engineering training materials with respect to concrete masonry

I'm putting together a design draft of a home for later submission to an architect, and I'd like it to be as spot-on as possible without having to become an architect myself in the process. The home is primarily concrete block and heavy timber frame and I'm having some issues with laying the CMU courses such that they're structurally sound. I'm using 3dsmax to model it. The CMU pictured are standard 8x8x16 split-face blocks using stretcher bond. Here's a link to the latest draft:
http://home-and-garden.webshots.com/photo/2116492180100974754zTVbAZ
My problem is how to deal with T intersections and in general places that will require a half block to be used repetitively through the courses. I understand there are steel ties that can bind a wall butted to another wall in a T intersection if the blocks between them can't overlap. I don't know where the half blocks should be placed as to not affect the structural integrity of the wall though. I've heard corners are bad places.
Does anyone have any suggestions as to how I can better design the courses, or know or any reference material (online or in print) that has good information about the structural engineering principles of concrete masonry? Thanks all.
Kevin
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Kevin Fishburne wrote:

The architect just needs some basic drawings of your ideas...
The home is

You're going way to crazy about it. And 3DS Max is a terrible tool for what you're doing (I've done lots of 3D Stuff and Max is pretty weak at architectural modeling).
The CMU pictured are standard

I've never worried about it. If it's a problem, my structural engineer figures it out. If it's not a problem, the mason figures it out. You're wasting your own time doing stuff you don't need to do.

If you're using standard CMU sizes, then figure 8" W x 16" L x 8" H for your coursing (it's actually smaller, but with mortar, it ends up being that). If you use those dimensions for your modules (a 16" module works well), then you'll be OK. But you're still worrying about stuff you don't need to worry about.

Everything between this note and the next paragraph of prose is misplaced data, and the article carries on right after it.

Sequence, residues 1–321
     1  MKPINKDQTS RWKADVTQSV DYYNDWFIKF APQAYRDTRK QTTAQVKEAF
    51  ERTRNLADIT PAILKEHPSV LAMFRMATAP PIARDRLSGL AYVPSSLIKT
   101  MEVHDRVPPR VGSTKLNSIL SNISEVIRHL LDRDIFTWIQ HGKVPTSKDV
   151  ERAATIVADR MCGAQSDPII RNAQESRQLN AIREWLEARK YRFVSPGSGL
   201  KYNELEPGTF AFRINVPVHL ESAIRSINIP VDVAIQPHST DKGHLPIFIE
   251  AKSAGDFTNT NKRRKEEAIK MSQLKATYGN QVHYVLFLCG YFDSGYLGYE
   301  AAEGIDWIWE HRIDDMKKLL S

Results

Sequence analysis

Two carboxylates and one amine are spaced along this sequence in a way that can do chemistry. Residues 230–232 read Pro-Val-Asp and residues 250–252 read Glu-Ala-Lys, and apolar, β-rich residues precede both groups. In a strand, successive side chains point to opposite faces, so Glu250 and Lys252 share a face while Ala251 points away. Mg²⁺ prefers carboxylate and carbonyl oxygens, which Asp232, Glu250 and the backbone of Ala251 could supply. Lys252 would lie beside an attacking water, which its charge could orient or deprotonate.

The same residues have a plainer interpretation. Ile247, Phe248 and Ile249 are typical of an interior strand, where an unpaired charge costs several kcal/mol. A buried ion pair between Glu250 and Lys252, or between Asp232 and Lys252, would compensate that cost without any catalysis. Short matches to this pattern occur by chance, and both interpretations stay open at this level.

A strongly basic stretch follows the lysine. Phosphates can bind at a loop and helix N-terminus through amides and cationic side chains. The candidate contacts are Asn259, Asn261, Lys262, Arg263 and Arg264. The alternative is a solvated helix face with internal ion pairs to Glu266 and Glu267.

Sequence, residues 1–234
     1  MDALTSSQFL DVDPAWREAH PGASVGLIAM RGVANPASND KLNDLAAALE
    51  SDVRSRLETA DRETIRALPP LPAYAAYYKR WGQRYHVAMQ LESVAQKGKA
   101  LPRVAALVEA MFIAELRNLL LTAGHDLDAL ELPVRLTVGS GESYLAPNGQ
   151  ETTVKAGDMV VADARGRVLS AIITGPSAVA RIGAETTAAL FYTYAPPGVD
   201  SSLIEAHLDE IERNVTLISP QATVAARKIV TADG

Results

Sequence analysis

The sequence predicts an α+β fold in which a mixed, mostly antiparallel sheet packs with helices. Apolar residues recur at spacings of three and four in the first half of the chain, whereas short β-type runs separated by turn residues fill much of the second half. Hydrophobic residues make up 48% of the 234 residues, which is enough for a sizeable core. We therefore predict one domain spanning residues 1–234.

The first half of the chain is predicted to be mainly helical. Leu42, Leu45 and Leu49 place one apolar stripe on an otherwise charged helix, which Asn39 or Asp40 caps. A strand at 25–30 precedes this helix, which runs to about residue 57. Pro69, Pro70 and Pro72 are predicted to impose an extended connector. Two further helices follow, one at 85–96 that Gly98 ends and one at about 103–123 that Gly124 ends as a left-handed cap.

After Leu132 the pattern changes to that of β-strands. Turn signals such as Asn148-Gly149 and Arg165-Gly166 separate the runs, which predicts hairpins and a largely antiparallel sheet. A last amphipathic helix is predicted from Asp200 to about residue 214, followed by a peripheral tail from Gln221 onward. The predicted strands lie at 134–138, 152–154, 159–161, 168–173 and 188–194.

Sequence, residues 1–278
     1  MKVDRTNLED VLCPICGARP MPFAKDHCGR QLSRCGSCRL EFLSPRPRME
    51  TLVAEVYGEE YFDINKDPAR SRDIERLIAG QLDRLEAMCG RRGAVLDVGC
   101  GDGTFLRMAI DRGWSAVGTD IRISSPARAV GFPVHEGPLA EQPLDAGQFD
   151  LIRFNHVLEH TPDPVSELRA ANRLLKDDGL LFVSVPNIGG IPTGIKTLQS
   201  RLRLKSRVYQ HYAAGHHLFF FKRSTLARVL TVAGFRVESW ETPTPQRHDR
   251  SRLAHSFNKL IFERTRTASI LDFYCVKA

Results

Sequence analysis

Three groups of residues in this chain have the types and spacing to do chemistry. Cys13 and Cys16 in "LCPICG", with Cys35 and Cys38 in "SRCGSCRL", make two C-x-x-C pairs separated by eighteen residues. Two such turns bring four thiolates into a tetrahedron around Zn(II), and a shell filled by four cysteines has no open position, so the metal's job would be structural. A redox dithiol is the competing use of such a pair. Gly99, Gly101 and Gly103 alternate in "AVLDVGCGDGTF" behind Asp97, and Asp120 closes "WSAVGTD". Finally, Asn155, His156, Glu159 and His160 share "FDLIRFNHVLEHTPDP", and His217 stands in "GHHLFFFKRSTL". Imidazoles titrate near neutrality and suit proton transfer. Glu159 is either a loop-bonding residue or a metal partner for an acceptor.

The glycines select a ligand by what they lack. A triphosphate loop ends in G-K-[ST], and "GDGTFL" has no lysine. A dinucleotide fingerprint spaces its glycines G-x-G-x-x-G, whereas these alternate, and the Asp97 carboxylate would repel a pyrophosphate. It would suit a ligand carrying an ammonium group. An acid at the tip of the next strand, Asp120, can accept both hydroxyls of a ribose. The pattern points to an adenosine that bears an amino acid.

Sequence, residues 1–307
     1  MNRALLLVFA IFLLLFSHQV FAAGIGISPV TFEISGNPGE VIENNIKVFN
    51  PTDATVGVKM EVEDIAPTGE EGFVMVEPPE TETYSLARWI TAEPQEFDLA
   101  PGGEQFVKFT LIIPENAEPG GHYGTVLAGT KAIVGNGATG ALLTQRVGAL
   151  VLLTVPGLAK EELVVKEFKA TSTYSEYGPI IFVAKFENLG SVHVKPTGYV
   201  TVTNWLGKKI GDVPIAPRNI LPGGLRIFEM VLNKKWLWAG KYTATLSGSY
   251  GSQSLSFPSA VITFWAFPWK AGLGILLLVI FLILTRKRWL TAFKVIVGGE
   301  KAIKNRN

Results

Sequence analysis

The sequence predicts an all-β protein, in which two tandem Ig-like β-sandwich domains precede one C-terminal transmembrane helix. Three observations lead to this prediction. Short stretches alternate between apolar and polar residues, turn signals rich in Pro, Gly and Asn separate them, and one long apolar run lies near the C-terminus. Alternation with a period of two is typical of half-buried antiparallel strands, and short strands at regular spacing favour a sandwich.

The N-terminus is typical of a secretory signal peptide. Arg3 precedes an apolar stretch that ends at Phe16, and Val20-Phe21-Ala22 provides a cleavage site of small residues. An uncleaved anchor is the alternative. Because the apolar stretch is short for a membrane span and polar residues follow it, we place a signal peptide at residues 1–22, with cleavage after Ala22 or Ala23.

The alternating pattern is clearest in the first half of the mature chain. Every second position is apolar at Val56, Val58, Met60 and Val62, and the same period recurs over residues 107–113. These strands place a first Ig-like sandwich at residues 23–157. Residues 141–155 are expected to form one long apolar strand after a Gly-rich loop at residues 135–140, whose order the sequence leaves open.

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Seems to me you've gone way too far already. Why bother with an architect?
--


MichaelB
www.michaelbulatovich.ca
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In a previous post Kevin Fishburne wrote...

Listen to all the good advice posted above. Let the structural engineer figure out out to reinforce the corners and intersections.
Amount of reinforcing will vary according to location.
You could learn this yourself. You only need to read and study three or four 400-page books. Of course, by the time you have done that the building code will change.
Bob Morrison, PE, SE R L Morrison Engineering Co Structural & Civil Engineering Poulsbo WA bob at rlmorrisonengr dot com
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On both wythes?

Stop and let the masons do it. Figure out what walls you're keen on. The architect will have a spec they like for masonry and details for things they don't want to leave to the masons.
If you're going to get picky about just how the blocks are laid you have to get picky about expansion joints, rebar, grouting, footings...

The question you ask about details isn't really structural engineering.
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